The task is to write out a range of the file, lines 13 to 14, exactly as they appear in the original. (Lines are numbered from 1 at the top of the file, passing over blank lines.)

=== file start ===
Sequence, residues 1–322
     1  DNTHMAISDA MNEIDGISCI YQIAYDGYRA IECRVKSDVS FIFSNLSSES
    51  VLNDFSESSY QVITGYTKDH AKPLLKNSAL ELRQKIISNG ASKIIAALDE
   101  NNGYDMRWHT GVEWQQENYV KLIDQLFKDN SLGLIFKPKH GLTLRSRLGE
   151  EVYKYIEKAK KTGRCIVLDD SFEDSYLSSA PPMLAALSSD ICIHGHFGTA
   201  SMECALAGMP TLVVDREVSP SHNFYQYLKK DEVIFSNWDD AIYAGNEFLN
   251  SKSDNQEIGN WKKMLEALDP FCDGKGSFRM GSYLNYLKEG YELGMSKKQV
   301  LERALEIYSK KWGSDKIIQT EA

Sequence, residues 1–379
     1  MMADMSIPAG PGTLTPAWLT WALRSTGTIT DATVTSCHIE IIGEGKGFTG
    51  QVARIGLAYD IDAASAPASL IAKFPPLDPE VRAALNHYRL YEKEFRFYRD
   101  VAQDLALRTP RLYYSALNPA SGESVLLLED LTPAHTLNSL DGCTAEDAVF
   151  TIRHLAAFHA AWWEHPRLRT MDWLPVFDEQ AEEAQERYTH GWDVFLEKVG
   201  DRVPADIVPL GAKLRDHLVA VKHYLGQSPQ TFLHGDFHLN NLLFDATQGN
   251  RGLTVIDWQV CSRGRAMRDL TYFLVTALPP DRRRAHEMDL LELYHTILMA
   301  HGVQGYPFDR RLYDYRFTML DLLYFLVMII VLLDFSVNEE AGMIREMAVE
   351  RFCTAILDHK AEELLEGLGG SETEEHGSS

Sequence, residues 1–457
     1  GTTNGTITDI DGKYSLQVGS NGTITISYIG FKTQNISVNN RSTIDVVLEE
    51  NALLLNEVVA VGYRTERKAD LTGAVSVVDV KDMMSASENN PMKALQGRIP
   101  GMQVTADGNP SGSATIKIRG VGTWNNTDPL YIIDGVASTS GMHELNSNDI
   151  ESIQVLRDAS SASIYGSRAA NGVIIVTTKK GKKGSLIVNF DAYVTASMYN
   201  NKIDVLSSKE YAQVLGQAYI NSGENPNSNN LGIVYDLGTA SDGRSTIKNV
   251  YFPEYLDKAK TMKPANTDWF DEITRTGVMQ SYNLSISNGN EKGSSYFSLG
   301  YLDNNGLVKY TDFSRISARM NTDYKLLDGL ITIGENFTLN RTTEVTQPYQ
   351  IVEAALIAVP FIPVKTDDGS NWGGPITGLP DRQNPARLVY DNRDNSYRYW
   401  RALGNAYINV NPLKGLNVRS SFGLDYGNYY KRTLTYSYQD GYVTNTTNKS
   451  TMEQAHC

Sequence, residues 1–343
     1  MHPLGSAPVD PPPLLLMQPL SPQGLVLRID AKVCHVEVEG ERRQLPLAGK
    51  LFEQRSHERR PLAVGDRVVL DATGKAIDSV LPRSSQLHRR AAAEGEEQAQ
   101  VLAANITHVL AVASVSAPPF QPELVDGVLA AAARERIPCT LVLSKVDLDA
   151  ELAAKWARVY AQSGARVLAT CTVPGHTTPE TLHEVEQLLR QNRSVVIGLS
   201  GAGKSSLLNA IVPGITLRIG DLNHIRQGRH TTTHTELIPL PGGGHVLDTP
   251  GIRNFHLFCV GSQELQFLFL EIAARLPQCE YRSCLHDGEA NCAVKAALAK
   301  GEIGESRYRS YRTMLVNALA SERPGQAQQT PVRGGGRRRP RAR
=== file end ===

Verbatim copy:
   151  TIRHLAAFHA AWWEHPRLRT MDWLPVFDEQ AEEAQERYTH GWDVFLEKVG
   201  DRVPADIVPL GAKLRDHLVA VKHYLGQSPQ TFLHGDFHLN NLLFDATQGN